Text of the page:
A longtime (and instrumental) part of Formula 1 is being removed

The FIA recently announced the specifics of the monumental 2026 Formula 1 regulation changes, including the complete elimination of DRS.
Lewis Hamilton, Mercedes, Max Verstappen, Red Bull, Formula 1
Lewis Hamilton, Mercedes, Max Verstappen, Red Bull, Formula 1 / Bryn Lennon/GettyImages

Just a few years ago, it was announced that massive regulation changes would be coming in 2026 to make Formula 1 more environmentally friendly while still maintaining a high quality of racing.

Despite the time that has passed since the announcement, there has been some opposition from key figures within the sport, considering the risk that comes with so many alterations.

After over a decade of the Drag Reduction System (DRS) being used in Formula 1, it is set to be replaced with a new system, with different front and rear wing aerodynamics now set to come into play.

New system not much different from DRS

In 2026 and beyond, drivers are to be given the ability to toggle between a “Z-mode” and an “X-mode” throughout a lap. “Z-mode” is the standard aerodynamic setup for a car while “X-mode” is the low-downforce configuration that drivers may utilize on straights, regardless of how close they are to another car.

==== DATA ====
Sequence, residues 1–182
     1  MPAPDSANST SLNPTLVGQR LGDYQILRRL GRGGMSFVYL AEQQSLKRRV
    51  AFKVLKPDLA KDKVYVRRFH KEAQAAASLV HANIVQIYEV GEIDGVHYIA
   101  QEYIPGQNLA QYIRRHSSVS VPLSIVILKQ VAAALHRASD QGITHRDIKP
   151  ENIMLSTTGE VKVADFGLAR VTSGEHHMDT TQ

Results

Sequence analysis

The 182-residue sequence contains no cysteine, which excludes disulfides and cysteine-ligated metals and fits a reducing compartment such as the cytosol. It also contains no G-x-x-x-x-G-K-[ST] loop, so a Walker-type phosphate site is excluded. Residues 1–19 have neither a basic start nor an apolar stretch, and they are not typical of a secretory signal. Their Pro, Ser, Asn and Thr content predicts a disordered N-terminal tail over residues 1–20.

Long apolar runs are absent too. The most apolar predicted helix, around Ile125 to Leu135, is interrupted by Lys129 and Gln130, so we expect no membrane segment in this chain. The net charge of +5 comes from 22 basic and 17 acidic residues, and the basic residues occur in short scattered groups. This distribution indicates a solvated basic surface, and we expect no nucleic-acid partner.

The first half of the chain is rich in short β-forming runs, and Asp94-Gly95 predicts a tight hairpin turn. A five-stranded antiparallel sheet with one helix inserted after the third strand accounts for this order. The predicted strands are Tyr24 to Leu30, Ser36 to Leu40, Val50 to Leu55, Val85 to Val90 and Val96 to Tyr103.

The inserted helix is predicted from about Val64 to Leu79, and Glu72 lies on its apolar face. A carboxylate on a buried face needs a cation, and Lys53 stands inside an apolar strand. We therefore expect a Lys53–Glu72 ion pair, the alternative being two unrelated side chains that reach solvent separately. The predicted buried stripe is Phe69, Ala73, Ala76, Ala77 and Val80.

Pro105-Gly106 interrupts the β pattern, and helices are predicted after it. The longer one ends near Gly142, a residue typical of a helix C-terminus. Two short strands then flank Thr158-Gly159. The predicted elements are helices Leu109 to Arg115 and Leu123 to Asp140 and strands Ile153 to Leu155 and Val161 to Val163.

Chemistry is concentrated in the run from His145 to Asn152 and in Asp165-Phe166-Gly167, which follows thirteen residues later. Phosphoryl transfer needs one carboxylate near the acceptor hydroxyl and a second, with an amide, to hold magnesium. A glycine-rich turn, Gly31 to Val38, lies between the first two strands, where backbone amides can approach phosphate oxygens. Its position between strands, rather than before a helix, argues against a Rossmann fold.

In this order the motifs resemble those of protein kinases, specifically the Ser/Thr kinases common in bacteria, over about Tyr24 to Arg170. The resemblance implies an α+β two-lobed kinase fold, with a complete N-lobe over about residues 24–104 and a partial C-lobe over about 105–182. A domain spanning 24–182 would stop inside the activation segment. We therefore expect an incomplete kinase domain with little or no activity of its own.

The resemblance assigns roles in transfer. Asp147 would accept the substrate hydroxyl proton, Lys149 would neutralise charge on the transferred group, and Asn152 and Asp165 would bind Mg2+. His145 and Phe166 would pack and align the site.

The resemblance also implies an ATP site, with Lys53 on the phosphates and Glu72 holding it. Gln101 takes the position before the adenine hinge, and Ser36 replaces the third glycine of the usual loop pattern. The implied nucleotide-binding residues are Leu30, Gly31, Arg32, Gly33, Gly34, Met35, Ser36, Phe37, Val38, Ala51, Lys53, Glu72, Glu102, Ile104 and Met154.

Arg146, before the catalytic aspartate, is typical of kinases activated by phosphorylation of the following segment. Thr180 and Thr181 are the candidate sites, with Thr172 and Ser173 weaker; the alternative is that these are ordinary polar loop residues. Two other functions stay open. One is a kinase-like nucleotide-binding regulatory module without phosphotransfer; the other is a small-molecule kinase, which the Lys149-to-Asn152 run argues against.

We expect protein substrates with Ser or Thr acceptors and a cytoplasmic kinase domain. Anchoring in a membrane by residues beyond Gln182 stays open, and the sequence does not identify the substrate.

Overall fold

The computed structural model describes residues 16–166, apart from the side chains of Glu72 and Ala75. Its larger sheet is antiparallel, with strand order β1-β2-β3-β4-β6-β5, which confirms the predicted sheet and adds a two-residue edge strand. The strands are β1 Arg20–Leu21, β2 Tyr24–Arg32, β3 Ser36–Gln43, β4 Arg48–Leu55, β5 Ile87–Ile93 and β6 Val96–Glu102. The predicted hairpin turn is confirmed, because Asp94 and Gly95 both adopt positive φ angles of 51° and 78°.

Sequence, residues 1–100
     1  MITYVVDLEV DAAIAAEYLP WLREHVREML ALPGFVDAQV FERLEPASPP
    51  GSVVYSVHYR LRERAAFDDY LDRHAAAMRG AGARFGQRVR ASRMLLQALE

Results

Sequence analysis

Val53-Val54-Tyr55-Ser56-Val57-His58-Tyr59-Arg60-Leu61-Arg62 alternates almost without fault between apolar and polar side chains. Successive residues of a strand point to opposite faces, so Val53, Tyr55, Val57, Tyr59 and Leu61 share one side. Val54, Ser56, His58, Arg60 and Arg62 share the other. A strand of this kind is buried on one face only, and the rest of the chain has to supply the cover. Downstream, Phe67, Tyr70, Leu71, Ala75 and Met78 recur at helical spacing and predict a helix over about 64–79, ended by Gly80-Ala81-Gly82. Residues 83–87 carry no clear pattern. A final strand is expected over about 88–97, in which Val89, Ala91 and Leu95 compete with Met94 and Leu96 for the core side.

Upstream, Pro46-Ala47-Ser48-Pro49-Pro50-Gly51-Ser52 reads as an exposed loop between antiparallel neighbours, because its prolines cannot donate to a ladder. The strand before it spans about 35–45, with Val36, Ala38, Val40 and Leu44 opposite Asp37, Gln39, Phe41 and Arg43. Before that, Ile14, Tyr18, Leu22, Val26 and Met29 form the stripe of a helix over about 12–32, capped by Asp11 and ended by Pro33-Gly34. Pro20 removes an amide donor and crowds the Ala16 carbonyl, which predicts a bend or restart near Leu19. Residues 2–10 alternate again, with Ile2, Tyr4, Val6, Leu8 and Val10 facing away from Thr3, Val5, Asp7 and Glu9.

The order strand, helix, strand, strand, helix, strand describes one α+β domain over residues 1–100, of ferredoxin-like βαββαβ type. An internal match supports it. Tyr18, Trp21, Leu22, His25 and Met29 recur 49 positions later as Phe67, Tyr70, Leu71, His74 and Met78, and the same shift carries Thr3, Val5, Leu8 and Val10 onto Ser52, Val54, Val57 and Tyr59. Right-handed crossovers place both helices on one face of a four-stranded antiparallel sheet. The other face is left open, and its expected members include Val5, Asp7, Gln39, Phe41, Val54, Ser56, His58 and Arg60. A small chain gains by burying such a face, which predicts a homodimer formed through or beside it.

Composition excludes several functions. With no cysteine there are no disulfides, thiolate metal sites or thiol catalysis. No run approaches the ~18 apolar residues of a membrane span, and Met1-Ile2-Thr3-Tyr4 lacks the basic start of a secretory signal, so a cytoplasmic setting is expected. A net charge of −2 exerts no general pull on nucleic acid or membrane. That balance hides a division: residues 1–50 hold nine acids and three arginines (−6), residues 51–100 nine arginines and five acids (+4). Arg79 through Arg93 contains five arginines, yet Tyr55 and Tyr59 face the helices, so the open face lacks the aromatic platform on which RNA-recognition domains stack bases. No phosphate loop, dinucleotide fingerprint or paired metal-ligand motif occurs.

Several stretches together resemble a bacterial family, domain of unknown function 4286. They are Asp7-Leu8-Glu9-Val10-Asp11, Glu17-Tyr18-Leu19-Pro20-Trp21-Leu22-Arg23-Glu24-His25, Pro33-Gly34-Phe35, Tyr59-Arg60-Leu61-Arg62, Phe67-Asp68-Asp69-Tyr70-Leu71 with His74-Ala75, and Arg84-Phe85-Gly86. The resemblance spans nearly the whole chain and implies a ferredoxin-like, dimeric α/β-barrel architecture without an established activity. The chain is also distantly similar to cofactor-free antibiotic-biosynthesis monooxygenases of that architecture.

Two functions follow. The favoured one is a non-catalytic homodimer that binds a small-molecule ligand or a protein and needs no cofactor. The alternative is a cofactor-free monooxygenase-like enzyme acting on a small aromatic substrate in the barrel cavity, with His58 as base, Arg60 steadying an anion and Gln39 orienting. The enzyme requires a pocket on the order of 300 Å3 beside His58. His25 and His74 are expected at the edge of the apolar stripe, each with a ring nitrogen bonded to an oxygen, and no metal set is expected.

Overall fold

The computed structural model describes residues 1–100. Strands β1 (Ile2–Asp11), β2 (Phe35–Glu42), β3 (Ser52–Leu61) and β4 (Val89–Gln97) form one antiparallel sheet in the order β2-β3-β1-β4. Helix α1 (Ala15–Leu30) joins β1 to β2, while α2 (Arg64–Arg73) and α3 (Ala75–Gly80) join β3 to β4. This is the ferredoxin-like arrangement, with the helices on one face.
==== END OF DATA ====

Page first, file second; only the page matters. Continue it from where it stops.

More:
When a car reaches a speed of 340 kilometers per hour on the straight, it may activate a manual override mode for a longer span of increased electrical power, which can allow a car to reach speeds north of 350 kilometers per hour. Beyond that, specifics were not provided on the frequency at which a driver may use the function.

The next generation of aerodynamic flow in Formula 1 will not be so reliant on the wings of a car, thus making DRS not as useful.

With cars set to be smaller, lighter, and faster on straights, with significantly less downforce, the implementation of toggling downforce configurations and a manual override functionality will essentially produce the same results as DRS currently does, as it should give drivers an aid to overtake other cars on straights.

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Considering the fact that DRS has been used since 2011, this will still mark a massive change. But its existence is set to be discontinued solely for different aerodynamic flow patterns for the next era of Formula 1, and the introduction of something similar to maintain a similar effect for drivers is not a bad thing.